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Buckeyes are known for their flower displays in May, and yellow buckeyes are no exception. This Illinois native produces yellow flowers in upright clusters measuring up to 6 inches tall. In fall, the leaves display a yellow-orange color. It is susceptible to leaf blotch and may be difficult to find in nurseries. Formerly known as Aesculus octandra.

  • Family (English) Soapberry (formerly Horse-chestnut)
  • Family (botanic) Sapindaceae (formerly Hippocastanaceae)
  • Planting site City parkway, Residential and parks, Wide median
  • Tree or plant type Tree
  • Foliage Deciduous (seasonally loses leaves)
  • Native locale Illinois, North America
  • Size range Large tree (more than 40 feet)
  • Mature height 60-80 feet
  • Mature width 25-35 feet
  • Light exposure Full sun (6 hrs direct light daily), Partial sun / shade (4-6 hrs light daily)
  • Hardiness zones Zone 4, Zone 5 (Northern Illinois), Zone 6 (City of Chicago), Zone 7, Zone 8
  • Soil preference Acid soil, Moist, well-drained soil
  • Tolerances Alkaline soil, Dry sites, Wet sites
  • Season of interest mid spring, early fall, mid fall
  • Flower color and fragrance Yellow
  • Shape or form Oval, Upright
  • Growth rate Moderate
  • Transplants well No
  • Planting considerations May be difficult to find in nurseries, Messy fruit/plant parts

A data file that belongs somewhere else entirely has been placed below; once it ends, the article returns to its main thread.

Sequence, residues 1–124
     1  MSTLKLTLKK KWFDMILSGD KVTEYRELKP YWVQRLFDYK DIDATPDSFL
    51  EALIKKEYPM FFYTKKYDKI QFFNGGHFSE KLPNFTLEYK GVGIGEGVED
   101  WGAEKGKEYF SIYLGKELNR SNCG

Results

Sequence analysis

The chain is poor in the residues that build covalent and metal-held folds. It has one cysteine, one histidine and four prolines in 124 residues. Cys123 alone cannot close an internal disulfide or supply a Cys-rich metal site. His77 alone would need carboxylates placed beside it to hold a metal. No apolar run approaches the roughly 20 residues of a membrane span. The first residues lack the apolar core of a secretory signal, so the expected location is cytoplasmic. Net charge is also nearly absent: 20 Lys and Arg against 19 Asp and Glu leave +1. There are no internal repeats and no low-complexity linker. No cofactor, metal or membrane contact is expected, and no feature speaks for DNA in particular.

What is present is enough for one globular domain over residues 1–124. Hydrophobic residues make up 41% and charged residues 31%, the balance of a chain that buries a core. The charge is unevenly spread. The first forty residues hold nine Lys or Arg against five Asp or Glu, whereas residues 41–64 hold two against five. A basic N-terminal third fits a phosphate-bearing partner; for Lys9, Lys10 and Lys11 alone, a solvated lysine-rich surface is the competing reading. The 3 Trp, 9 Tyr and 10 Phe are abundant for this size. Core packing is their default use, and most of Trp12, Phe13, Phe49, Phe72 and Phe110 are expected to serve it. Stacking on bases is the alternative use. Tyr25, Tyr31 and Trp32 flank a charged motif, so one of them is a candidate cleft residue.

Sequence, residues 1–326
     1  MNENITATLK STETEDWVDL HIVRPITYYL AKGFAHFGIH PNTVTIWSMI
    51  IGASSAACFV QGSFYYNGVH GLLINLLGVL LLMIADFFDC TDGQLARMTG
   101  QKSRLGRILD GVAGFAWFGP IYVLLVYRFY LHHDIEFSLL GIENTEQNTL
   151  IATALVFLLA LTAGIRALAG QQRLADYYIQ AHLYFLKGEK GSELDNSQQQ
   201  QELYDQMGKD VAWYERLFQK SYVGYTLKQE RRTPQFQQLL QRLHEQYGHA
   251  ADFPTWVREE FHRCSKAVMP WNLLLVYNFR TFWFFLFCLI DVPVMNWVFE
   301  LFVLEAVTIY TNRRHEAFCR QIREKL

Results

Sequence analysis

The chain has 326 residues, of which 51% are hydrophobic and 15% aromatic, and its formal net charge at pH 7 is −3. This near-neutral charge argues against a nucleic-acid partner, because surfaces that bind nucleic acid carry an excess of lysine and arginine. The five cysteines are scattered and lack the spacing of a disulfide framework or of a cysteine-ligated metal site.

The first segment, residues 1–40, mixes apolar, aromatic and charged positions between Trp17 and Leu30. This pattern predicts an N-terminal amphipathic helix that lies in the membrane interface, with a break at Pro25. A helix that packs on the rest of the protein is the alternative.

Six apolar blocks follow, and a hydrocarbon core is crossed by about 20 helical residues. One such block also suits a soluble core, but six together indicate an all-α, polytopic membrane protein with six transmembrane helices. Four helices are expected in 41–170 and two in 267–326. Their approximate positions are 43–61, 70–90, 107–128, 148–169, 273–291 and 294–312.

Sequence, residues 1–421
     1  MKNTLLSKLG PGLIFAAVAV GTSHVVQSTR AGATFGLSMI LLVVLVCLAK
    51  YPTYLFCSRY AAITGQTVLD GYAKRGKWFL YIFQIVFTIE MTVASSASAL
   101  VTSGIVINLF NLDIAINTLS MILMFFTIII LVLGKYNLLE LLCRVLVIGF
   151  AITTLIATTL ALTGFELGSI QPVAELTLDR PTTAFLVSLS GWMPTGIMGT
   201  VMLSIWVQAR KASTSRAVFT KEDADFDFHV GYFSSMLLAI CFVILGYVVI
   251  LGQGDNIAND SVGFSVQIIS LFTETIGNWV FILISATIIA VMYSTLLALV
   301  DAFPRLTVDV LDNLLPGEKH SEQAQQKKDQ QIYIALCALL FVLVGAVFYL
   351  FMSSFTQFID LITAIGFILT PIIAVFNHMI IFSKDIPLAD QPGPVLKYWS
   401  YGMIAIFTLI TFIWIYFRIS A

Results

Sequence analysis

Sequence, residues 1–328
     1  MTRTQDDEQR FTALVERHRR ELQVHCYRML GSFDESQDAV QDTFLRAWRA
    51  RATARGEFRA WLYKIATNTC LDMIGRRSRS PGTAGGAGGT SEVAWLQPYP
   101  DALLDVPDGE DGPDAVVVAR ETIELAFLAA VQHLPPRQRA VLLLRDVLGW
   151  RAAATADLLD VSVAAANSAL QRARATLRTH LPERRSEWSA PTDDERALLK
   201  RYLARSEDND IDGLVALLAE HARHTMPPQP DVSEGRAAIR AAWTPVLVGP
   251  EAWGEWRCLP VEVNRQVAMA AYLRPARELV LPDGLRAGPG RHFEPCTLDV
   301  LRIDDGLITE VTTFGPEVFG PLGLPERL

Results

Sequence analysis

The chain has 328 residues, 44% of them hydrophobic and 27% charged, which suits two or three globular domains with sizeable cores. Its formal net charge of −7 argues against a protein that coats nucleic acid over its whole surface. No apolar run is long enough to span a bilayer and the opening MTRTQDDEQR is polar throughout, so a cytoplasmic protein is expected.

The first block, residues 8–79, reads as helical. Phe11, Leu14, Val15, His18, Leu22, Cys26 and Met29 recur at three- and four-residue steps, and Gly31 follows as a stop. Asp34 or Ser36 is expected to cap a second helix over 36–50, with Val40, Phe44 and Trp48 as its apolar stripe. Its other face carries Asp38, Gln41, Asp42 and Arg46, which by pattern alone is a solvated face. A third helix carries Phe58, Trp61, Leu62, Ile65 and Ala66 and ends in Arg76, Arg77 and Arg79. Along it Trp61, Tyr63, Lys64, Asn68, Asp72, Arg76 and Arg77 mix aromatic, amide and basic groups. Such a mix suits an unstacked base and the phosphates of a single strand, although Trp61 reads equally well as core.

• Wildlife Small mammals
  • Has cultivars No

Native geographic location and habitat:

In Illinois, yellow buckeye is native only to a few counties in the far southern end of the state. It is often found along rivers and streams. 

Bark color and texture:

The bark is light gray and has a flaky, scaly texture.

Leaf or needle arrangement, size, shape, and texture:

Opposite leaves are palmately compound with five leaflets. Leaf is about 6 inches long overall. Fall color is orange.

Flower arrangement, shape, and size:

Large, 6 to 8 inch long, yellow flowers  tinged in green form in upright terminal clusters.

Fruit, cone, nut, and seed descriptions:

Shiny brown nuts form in a smooth husk. Buckeyes should not be eaten.

Plant care:

Yellow buckeye is difficult to transplant due to a taproot. It is tolerant of wet sites and prefers a slightly acid soil.

List of pests, diseases, and tolerances:

Prone to leaf scorch and a fungal leaf blotch. Tolerant of black walnut toxicity.


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